2007

2008

2009

2010

2011

2012

2013

2011

2012

2013

Figure 4. Real estate transfer tax collections (in millions, seasonally adjusted annual rate) $180 $160 Millions

$140 $120 $100 $80 $60 $40

Source: Tennessee Department of Revenue and BERC 2003

2004

2005

2006

2007

2008

2009

2010

Home Sales

S

ales of single-family homes increased in all three metropolitan areas tracked by this report but at a slower pace compared with previous quarters (Figure 5). Sales rose 3% in the Nashville area from the previous quarter after seasonal adjustments, 1.9% in Memphis, and 3.7% in Knoxville. In all three areas, the rate of growth has diminished somewhat.

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All three areas show a rising sales trend beginning in 2010. Over the year, sales are up 18.1% in Nashville, 7% in Memphis, and an impressive 24% in the Knoxville area. Inventories of single-family homes on the market declined in the quarter but at a slower rate than in recent quarters.

Tennessee Housing Market Q3


Figure 5. Single-family sales and inventory (seasonally adjusted quarterly average of monthly figures) 16,000

3,000

14,000

2,000

13,000

1,500

12,000 11,000

1,000

10,000

500 0

Nashville Area 2006

2007

Source: Greater Nashville Association of Realtors, BERC

2008

2009

2010

2011

2012

2013

1,500

11,000

1,200

10,000

1,100

9,000

1,000

8,000

900 700

7,000

Memphis Area

6,000

Source: Memphis Association of Realtors, BERC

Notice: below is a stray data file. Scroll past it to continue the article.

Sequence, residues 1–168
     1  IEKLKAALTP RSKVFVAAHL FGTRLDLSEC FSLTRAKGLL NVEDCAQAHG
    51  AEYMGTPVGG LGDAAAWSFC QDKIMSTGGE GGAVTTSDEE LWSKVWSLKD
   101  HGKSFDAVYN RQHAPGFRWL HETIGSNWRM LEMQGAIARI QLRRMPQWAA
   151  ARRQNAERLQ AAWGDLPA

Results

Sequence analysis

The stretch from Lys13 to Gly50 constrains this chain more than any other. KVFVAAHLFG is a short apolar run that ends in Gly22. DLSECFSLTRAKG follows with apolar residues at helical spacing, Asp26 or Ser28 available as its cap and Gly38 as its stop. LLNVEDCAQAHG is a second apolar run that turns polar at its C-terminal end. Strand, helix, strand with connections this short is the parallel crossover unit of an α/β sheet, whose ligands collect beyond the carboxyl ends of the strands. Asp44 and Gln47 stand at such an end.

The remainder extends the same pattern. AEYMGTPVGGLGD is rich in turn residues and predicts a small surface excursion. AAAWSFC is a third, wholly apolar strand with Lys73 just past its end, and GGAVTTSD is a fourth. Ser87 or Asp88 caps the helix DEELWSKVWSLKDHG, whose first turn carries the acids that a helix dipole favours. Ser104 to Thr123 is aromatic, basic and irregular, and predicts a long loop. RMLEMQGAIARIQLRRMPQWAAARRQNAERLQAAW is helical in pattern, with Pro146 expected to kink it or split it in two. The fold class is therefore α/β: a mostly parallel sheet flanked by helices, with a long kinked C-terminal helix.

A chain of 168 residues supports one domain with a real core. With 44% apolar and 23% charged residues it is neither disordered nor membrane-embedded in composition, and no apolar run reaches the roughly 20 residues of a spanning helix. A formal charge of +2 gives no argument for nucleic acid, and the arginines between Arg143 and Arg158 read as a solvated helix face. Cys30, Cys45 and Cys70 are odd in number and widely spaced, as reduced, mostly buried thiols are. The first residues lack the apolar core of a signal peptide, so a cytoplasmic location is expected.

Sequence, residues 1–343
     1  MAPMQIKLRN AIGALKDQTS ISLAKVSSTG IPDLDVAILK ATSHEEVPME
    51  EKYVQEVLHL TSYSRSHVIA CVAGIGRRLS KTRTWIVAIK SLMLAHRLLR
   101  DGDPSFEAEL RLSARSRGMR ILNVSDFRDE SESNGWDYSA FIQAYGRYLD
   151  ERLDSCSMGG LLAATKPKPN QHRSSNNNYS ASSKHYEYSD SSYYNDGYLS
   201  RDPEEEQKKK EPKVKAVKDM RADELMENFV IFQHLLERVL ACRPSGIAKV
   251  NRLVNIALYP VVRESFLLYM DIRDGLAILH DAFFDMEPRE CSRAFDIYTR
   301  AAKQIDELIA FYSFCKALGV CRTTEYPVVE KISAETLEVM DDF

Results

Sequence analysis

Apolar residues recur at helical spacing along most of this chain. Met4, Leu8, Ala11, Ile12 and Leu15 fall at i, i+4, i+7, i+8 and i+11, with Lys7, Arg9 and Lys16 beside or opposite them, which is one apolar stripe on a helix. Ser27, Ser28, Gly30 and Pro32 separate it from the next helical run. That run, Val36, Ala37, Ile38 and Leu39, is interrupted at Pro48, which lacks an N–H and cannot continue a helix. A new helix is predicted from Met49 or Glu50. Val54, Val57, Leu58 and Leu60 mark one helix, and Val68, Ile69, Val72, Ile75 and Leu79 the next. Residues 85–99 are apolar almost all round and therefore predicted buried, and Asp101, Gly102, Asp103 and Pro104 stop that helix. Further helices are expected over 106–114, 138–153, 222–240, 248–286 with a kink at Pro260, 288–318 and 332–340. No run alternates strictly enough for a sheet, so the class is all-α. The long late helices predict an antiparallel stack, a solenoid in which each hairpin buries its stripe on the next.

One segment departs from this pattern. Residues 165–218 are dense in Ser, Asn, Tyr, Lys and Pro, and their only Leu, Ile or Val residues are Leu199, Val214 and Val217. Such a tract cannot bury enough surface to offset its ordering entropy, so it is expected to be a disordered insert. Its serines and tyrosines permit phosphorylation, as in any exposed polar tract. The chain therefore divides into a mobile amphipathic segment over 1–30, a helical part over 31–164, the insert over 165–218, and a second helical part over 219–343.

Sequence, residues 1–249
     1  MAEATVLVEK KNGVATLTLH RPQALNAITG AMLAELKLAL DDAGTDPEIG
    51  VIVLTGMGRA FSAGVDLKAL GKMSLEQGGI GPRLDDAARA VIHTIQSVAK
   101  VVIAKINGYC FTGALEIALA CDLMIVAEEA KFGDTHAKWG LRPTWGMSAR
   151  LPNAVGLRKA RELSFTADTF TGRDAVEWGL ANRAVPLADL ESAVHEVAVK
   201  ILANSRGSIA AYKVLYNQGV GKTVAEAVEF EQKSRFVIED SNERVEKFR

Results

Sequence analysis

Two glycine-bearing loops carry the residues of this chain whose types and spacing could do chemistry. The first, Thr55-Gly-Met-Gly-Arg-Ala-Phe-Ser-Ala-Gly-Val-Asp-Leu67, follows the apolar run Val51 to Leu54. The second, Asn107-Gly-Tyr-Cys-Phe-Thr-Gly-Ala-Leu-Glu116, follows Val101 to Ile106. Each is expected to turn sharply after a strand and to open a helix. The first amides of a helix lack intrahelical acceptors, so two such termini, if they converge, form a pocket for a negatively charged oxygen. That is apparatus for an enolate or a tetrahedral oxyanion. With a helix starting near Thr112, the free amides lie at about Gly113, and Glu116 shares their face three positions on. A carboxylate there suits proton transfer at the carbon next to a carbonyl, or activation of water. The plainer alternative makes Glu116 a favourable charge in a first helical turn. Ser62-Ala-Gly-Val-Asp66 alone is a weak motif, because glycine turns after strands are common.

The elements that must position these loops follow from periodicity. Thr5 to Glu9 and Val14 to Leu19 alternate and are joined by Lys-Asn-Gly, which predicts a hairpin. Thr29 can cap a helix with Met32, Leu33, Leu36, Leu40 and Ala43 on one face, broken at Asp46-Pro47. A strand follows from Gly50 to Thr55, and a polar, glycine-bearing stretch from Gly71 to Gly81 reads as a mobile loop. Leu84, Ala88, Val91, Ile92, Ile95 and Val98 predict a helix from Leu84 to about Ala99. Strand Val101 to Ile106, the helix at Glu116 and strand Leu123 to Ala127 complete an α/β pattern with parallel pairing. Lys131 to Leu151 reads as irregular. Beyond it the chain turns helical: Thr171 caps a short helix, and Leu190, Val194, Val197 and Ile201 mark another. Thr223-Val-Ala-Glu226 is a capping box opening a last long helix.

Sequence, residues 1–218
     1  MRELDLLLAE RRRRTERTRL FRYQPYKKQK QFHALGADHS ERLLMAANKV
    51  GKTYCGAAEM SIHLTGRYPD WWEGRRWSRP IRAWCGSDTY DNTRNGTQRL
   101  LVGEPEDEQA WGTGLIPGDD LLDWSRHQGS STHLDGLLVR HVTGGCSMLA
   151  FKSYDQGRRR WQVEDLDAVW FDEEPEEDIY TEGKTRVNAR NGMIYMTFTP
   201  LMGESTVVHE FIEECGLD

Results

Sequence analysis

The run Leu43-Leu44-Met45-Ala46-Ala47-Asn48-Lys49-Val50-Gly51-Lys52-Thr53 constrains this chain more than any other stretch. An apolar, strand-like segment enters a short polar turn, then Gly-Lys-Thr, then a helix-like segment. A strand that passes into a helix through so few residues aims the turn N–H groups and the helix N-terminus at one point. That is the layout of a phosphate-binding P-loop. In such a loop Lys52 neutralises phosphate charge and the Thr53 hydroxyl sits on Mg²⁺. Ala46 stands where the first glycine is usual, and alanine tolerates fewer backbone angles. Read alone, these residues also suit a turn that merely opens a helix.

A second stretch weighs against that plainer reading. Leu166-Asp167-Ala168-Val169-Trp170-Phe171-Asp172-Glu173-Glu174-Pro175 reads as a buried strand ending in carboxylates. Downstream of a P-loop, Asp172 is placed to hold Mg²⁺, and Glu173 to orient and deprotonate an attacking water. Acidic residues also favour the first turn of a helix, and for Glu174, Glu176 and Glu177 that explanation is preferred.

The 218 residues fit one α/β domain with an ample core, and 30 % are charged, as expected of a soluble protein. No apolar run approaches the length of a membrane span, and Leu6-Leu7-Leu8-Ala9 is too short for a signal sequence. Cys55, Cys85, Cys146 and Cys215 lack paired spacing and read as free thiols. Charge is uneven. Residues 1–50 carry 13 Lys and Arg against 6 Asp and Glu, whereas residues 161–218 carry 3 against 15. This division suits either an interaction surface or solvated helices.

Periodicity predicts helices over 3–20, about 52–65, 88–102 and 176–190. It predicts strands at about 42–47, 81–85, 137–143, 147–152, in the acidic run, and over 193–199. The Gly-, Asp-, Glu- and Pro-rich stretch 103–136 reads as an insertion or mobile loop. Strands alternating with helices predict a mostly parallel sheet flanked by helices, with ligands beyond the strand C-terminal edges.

5,000

600 2006

2007

2008

2009

2010

2011

2012

2013

15,000

1,400

14,000

1,300

13,000

1,200

12,000

1,100

11,000

Sales Inventory

1,000

10,000 9,000

900 700 600

Inventory

1,500

800

Inventory

1,300 Closings

8,000

12,000

Sales Inventory

1,400

Closings

9,000

13,000

1,600

800

Inventory

Closings

15,000

Sales Inventory

2,500

8,000

Knoxville Area*

7,000

Source: Knoxville Area Association of Realtors, BERC

2006

2007

2008

6,000 2009

2010

2011

2012

2013

* The Knoxville Area Association of Realtors initiated a new reporting system beginning with data for September 2013. A consequence of the system is that inventory figures are significantly lower compared with previous months.

Q3 Middle Tennessee State University Business and Economic Research Center

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Home Prices

P

rices for homes climbed again during the third quarter for the state and a majority of metropolitan areas in Tennessee. Average prices for Tennessee gained 1.8% over the year, lower than the 2.3% increase in the previous